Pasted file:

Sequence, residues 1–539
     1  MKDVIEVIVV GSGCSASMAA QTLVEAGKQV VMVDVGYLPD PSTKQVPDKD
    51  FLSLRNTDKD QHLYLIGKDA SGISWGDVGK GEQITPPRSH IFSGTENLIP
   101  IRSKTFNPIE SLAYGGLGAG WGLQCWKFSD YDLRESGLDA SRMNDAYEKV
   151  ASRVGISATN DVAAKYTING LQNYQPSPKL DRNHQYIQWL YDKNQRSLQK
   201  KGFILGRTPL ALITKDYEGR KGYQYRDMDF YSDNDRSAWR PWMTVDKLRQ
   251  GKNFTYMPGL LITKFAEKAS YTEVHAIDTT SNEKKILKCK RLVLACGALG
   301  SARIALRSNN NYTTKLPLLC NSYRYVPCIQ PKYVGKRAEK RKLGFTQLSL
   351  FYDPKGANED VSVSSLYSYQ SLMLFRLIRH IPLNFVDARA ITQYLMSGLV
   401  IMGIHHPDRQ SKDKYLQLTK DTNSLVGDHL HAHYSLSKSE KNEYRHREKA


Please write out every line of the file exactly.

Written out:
Sequence, residues 1–539
     1  MKDVIEVIVV GSGCSASMAA QTLVEAGKQV VMVDVGYLPD PSTKQVPDKD
    51  FLSLRNTDKD QHLYLIGKDA SGISWGDVGK GEQITPPRSH IFSGTENLIP
   101  IRSKTFNPIE SLAYGGLGAG WGLQCWKFSD YDLRESGLDA SRMNDAYEKV
   151  ASRVGISATN DVAAKYTING LQNYQPSPKL DRNHQYIQWL YDKNQRSLQK
   201  KGFILGRTPL ALITKDYEGR KGYQYRDMDF YSDNDRSAWR PWMTVDKLRQ
   251  GKNFTYMPGL LITKFAEKAS YTEVHAIDTT SNEKKILKCK RLVLACGALG
   301  SARIALRSNN NYTTKLPLLC NSYRYVPCIQ PKYVGKRAEK RKLGFTQLSL
   351  FYDPKGANED VSVSSLYSYQ SLMLFRLIRH IPLNFVDARA ITQYLMSGLV
   401  IMGIHHPDRQ SKDKYLQLTK DTNSLVGDHL HAHYSLSKSE KNEYRHREKA